How do you take something that’s personal and private and turn it into something that’s accessible, available and relevant to a far bigger audience? When Harry Dearden and his wife Gi recently took over the managing of Pennard House and turned it into one of Somerset’s most beautiful venues, that’s precisely what they had to consider; what elements should they keep, what to get rid of, and what really makes a place unique? Below, Harry shares some of his thoughts on the expansion of Pennard from simply, “family home” to family home and venue.
Large stately homes have always been family houses. Yes, there may have been staff to help run the houses and manage the estates, but essentially they have always been family homes and the centre of communities, the hearts of families and places for entertainment.
These homes were largely built and run off the proceeds of their own estates, whereas now, and increasingly more so, these large houses have become unviable places to live privately. So most of them are now – if not already owned by government bodies or charities and run as purely commercial spaces – owned and lived in by families who strive to keep them in the family and protect their heritage. This is mostly done by opening them to the public in different ways and keeping them well connected to their local communities.
However, turning these houses into popular venues is not easy to get right. It’s exactly the fact that it is a family home, with a relaxed atmosphere and an informal feel that has always made it attractive for parties and get togethers. Pennard House has always felt like that – a house that absorbs groups of people and makes everyone feel at home. Whether it was hosting a neighbour’s wedding, an aunt’s 60th birthday weekend, or just being a place for friends to relax and recharge post Glastonbury Festival, friends and family have always turned to Pennard, and they still do.
So when we took the decision to open the house for events, we realised that the most important attraction was the personality and character of the house. We wanted to offer that same ethos to everyone, a flexible and efficient venue to suit everyone’s needs, without losing that family approach and relaxed atmosphere. We quickly realised that people like to connect with the character of the home and feel the history of the house, and that includes meeting the people that live there and understanding their way of life. It’s no surprise that our retreat guests, who normally stay for a couple of days, love that my parents Martin and Susie, who lived in Pennard for 40 years and recently moved out, still come and say hello, and that many of our wedding couples drop by for a cup of tea or to introduce us to their baby. By opening up our house, we have become part of their family story and part of their history too.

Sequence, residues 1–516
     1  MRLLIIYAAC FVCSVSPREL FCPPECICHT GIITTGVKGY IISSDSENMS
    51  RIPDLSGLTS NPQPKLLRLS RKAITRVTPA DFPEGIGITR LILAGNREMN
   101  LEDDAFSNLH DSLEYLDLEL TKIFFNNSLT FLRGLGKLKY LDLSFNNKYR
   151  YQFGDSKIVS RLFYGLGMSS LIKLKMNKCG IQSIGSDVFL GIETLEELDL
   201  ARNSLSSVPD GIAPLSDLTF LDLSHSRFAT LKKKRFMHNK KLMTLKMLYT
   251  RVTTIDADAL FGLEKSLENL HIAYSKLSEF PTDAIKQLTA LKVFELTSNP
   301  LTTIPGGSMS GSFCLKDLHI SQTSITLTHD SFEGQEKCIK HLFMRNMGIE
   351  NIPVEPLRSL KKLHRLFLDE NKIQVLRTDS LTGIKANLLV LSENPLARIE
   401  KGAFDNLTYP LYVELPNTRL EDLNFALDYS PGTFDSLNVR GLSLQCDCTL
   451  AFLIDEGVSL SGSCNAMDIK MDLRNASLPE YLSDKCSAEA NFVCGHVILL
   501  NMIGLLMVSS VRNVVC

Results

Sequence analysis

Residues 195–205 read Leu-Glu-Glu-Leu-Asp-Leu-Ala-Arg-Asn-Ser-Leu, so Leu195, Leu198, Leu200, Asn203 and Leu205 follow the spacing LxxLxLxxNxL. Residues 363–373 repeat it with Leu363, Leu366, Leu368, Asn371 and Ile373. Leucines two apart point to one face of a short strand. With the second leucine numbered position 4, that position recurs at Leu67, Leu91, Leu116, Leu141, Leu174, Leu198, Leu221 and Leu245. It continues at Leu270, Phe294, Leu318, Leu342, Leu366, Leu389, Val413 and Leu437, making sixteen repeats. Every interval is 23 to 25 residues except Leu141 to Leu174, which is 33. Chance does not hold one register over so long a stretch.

So the key for us was to modernise the spaces whilst keeping hold of their heritage and working out how to incorporate the best elements of the two! When we converted the 18th Century Coach House into our primary event space, we wanted to keep the historic character of the building whilst creating something unique.
So we kept the original features such as the wood panelling, original oak beams and flagstone flooring whilst adding all the modern necessities – a lift, commercial kitchen, state of the art lighting, heating and air conditioning. We also wanted to turn the existing features into unique event spaces so we turned the Grade II listed stable stalls into cosy seating booths, a bar and a great dance floor!
We want our guests to feel they can do whatever they want to at Pennard, to offer a blank canvas to style their ideal event. We like to create an atmosphere where people feel at home, so guests can still experience a real sense of connection with the house, and be excited about creating something of their own that will be written into it’s history.
The house is so much more than a venue, it’s a home, with heritage and an open invitation to come back whenever you feel like it, someone family related, we hope, will always be there!
For more information on Pennard House, or any other of our family run houses please contact the team: firstname.lastname@example.org or for more particular details about Pennard House please visit www.pennardhouse.com